Republicans have been bemoaning the recent tone and tenor of the GOP primary, especially after last Thursday's debate in Detroit--and Republican National Committee Chairman Reince Priebus also thinks things have gotten out of hand.
"Listen, I do think the tone and the rhetoric has to improve," he said on CBS' "Face the Nation." "I do think that you have to keep a 'PG' rating during debates and I think that the next debate needs to be improved in that regard."
He said he has no problem with drama in the GOP primary, as long as the party is ultimately able to come together behind the eventual nominee.
"I don't think there's anything wrong with drama and intrigue--and we've got plenty of that, there's no question about that," he said. "The key though is, can you get a nominee, come together and then take it to the Democrats. I think we'll get there."
And as talk of a contested convention and different strategies to stop Trump swirl through the party, Priebus said he still thinks the nominating battle will likely be wrapped up before the party meets in Cleveland this summer.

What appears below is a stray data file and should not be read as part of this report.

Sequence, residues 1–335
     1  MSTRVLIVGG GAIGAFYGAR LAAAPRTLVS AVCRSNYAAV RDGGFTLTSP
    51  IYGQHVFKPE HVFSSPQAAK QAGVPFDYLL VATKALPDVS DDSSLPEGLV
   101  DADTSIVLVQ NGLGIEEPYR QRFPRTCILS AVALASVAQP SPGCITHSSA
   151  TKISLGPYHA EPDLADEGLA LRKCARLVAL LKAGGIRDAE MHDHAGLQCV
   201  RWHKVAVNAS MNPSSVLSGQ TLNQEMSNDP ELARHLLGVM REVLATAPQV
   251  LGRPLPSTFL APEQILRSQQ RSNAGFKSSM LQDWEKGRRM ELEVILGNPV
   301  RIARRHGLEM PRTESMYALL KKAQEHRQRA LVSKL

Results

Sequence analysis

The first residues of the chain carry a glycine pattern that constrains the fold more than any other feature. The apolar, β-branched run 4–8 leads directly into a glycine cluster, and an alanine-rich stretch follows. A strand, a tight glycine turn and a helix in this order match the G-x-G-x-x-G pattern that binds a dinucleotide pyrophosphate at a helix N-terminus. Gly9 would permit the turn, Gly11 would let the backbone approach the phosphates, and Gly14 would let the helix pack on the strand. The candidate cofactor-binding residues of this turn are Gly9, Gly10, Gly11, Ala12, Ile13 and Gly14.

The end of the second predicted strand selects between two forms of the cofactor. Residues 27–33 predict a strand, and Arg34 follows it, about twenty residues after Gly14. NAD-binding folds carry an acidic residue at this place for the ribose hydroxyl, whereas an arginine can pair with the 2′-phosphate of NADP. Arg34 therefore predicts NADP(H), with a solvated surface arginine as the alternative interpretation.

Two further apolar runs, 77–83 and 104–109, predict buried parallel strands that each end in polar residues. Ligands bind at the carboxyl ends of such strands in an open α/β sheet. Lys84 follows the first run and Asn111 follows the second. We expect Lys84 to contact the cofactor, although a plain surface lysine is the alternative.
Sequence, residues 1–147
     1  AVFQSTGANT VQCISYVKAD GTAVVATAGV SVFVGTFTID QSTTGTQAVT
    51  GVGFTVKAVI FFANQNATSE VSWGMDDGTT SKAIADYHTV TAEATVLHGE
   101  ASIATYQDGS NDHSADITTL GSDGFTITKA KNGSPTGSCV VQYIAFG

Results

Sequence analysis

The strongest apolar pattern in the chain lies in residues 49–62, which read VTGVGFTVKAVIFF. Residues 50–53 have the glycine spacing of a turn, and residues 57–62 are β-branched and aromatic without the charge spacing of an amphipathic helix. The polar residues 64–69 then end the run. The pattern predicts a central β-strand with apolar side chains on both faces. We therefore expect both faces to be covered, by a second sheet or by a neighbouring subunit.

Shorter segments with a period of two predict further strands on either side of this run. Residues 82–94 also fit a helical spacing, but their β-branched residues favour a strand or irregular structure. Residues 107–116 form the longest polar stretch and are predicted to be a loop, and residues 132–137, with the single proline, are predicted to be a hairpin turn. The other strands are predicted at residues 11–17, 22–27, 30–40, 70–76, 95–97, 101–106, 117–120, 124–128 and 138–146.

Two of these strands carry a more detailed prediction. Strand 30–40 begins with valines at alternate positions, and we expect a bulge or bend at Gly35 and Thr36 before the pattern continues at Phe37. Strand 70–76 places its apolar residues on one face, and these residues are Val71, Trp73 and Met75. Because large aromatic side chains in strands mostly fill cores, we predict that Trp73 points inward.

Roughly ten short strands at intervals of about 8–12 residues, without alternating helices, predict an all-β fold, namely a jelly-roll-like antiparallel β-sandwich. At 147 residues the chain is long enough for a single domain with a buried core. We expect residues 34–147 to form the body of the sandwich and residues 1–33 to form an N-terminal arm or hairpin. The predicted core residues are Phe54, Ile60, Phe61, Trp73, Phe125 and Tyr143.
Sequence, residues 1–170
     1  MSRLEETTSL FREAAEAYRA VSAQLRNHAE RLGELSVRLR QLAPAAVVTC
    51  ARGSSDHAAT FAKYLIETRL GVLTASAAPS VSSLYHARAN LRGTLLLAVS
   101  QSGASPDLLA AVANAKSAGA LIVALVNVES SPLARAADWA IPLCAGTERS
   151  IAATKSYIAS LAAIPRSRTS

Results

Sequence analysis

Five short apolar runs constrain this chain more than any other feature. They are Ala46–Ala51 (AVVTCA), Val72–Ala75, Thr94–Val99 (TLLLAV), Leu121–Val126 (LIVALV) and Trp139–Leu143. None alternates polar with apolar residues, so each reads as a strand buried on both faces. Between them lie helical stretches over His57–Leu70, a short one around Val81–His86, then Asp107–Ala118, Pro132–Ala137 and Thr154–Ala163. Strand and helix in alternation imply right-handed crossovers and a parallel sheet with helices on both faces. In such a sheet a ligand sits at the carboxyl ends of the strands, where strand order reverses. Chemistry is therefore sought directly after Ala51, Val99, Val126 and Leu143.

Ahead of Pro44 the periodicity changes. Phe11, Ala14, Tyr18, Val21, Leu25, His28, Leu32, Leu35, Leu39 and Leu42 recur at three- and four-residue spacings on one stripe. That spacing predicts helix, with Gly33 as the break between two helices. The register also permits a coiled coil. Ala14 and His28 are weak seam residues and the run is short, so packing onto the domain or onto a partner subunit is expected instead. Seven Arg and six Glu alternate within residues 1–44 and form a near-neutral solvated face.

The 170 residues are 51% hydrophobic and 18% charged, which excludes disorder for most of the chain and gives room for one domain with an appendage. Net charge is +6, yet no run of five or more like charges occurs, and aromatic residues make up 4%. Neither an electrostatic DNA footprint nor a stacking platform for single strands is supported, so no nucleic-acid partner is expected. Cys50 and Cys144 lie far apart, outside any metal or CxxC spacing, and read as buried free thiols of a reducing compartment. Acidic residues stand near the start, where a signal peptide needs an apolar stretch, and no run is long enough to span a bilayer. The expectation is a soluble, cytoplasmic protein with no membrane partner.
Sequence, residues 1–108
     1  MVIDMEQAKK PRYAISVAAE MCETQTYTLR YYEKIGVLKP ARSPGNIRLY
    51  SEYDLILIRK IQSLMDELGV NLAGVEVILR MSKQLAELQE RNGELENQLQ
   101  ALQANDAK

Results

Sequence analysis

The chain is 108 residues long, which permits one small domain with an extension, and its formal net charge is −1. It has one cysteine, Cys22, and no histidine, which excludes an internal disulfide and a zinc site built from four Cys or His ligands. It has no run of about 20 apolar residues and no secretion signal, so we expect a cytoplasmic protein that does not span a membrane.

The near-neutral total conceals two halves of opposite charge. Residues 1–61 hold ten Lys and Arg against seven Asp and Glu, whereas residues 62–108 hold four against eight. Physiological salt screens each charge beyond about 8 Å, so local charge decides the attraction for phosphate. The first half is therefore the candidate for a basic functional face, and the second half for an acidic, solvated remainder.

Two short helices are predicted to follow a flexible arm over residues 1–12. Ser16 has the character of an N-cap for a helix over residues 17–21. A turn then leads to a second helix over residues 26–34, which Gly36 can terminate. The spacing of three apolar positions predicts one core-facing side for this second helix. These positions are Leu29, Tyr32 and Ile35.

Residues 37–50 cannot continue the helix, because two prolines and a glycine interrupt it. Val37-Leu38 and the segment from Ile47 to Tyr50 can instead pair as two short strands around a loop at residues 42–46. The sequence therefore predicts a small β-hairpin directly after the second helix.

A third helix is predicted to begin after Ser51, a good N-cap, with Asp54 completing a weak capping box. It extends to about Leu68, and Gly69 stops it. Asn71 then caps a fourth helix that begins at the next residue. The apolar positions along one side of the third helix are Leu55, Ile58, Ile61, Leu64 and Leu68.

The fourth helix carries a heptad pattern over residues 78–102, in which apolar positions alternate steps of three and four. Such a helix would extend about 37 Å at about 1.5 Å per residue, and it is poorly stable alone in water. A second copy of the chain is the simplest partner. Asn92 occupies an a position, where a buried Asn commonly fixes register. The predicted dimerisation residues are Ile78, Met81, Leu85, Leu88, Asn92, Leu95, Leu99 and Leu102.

"It's not impossible-- I still think it's unlikely, but it's not impossible," he said. "... I'll be prepared for anything, but I still think it's very early to have this conversation."
Priebus added that if the party is still highly fractured between the four remaining GOP candidates in April, that's when he'll start to think a contested convention is more likely.
"I think that in a month, if we're sitting in a situation where candidates are tied then I think in a month you start looking at those possibilities. But right now we've got a long way to go."
Still, he reiterated that he's not taking sides in the establishment-versus-Trump fight--and that ultimately he'll back whoever becomes the nominee.
"My role is to basically be 100 percent behind whoever gets 1,237 delegates," he said. "I'm not going to do anything to help someone get 1,237 delegates, nor am I going to do anything to prevent someone from getting 1,237 delegates."
He said the national GOP is still working to grow its support among minorities and other less-traditional Republican voters, noting the party's investments in ground operations and new technology.
"We do need to learn how to win a big cultural vote in this country and that's what I'm hopeful of," he said.
Priebus also pointed to high turnout among Republican voters as a sign of the party's strength in November.
"If you look across this country we're having record turnout ... we're up 70 percent, the Democrats are actually down 30 percent," he said. "So there's no question that on the enthusiasm gap, we're crushing the Democrats."